Re: User defined fields in a schema
Posted by: Rick James
Date: July 29, 2011 10:19PM

Split your "fields" into two categories.
1. Fields that are mostly common and critical to the application, plus those that are likely to be _useful_ for indexing.
2. All other fields. This includes 'fields' you decide to add in the 'future'.

Now build a single table with
* id AUTO_INCREMENT PRIMARY KEY (because it is usually useful),
* The fields from category 1 -- and apply the appropriate DATATYPEs. Decide on the indexes (usually 'compound' indexes) as you are formulating your SELECTs.
* For all the fields in category 2, add one more field to the table -- a JSON-encoded TEXT field.

Look up JSON. It is simple, human readable, well handled by all(?) languages, and, most importantly, provides an extensible key-value list.

If the table gets 'large', I like to compress the JSON (in the client) and store it in a BLOB. This can improve performance.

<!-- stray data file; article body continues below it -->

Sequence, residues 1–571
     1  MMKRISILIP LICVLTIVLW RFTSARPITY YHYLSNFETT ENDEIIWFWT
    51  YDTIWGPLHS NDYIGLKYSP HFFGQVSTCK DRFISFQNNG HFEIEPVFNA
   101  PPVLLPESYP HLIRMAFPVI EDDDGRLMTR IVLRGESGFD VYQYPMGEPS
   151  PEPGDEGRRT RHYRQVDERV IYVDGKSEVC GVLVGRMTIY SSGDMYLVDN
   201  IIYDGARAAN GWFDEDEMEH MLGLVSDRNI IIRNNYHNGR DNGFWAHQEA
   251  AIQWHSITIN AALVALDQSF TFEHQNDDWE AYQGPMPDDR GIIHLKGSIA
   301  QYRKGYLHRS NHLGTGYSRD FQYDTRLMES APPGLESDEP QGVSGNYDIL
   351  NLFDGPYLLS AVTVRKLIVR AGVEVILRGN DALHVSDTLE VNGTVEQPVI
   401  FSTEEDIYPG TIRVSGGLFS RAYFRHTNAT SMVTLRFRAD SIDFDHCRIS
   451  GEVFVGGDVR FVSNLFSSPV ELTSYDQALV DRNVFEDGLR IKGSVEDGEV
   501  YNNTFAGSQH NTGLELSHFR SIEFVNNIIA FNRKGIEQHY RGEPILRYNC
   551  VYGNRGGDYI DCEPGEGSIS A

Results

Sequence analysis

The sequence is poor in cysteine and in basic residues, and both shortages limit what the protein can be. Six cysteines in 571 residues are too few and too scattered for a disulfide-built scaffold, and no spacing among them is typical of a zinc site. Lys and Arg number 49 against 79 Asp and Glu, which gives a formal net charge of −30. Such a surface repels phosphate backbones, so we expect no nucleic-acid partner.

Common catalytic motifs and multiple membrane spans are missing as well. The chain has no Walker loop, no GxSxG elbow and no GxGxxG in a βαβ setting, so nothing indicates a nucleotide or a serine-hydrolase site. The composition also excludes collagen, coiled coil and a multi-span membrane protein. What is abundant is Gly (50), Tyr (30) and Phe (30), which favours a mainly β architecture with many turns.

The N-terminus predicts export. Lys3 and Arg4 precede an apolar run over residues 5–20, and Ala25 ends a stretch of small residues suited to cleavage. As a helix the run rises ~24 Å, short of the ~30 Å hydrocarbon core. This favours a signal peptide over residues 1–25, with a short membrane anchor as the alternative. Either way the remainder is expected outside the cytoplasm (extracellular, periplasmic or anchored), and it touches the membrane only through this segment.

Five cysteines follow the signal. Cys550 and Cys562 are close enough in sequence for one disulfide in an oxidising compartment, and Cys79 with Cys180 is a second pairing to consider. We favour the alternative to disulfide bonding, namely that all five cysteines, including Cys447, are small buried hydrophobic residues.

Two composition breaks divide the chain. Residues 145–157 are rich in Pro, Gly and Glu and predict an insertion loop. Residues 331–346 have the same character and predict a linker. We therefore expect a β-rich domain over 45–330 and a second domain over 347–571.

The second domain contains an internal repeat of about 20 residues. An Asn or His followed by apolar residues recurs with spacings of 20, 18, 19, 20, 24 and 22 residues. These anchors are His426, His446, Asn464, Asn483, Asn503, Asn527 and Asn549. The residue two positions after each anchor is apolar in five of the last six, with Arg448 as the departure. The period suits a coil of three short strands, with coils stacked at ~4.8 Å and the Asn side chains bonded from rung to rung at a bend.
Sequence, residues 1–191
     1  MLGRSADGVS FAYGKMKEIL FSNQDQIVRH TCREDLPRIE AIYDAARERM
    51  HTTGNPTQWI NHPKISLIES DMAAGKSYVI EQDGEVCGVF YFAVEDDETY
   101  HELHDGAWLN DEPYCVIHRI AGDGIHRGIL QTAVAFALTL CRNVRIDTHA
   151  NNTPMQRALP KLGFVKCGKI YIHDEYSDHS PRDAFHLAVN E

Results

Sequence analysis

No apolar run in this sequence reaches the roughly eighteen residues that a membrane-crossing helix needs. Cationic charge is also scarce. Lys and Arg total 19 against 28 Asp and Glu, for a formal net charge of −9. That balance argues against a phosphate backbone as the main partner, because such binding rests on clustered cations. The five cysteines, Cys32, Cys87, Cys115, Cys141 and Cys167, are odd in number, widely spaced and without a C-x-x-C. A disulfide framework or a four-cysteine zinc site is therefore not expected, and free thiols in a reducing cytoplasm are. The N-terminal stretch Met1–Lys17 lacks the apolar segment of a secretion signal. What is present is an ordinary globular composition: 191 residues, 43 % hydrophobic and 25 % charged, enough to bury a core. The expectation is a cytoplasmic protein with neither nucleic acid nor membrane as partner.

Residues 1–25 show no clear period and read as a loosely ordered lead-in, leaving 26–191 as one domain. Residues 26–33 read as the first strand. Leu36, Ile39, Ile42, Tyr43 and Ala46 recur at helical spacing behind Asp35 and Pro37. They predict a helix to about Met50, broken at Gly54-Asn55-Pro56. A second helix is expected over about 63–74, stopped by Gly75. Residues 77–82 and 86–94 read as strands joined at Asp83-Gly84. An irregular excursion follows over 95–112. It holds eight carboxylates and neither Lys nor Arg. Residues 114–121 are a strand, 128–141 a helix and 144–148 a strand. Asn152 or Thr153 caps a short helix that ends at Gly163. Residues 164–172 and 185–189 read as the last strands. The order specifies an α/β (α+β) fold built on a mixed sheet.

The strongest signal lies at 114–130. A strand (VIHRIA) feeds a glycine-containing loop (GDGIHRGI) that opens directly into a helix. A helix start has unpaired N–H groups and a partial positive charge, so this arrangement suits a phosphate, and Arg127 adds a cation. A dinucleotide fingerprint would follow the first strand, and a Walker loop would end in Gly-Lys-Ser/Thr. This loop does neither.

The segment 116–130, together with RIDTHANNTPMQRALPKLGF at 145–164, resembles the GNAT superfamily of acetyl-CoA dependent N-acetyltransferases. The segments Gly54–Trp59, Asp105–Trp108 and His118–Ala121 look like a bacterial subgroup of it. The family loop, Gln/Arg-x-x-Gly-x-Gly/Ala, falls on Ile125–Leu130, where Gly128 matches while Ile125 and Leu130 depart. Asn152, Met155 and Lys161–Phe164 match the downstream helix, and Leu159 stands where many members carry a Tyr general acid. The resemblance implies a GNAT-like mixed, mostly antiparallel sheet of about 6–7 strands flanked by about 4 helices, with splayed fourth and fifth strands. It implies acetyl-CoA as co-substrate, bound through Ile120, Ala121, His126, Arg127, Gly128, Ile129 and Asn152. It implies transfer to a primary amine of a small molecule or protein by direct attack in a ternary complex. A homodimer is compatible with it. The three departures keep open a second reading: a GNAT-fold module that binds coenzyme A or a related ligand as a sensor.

Now, you ask, "what if I want to filter on something that is in the JSON?"
Case 1: If it is one of several fields you are filtering on (eg, you want "WHERE date... AND price < ... AND obscure_field = ..."), then you filter on the category 1 fields, bring the potential rows into your programming language, decode the JSON, and test the obscure_field in your code. The primary filtering will probably give you enough performance.
Case 2: If that is the only field you are filtering on, then it should have been in category 1, and have a column by itself. If it is in the JSON, then it will be a costly SELECT, because you have to fetch all the rows and filter in your code.

In your case, these might be in category 1:
postal_code (not the whole address),

Category 2:
the rest of the address,
and future fields

Note: As long as you are adding new fields to the JSON column, there is no need for ALTER TABLE ADD COLUMN.

For php, see json_encode() and json_decode() and, optionally, gzcompress() and gzuncompress().

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Re: User defined fields in a schema
July 29, 2011 10:19PM

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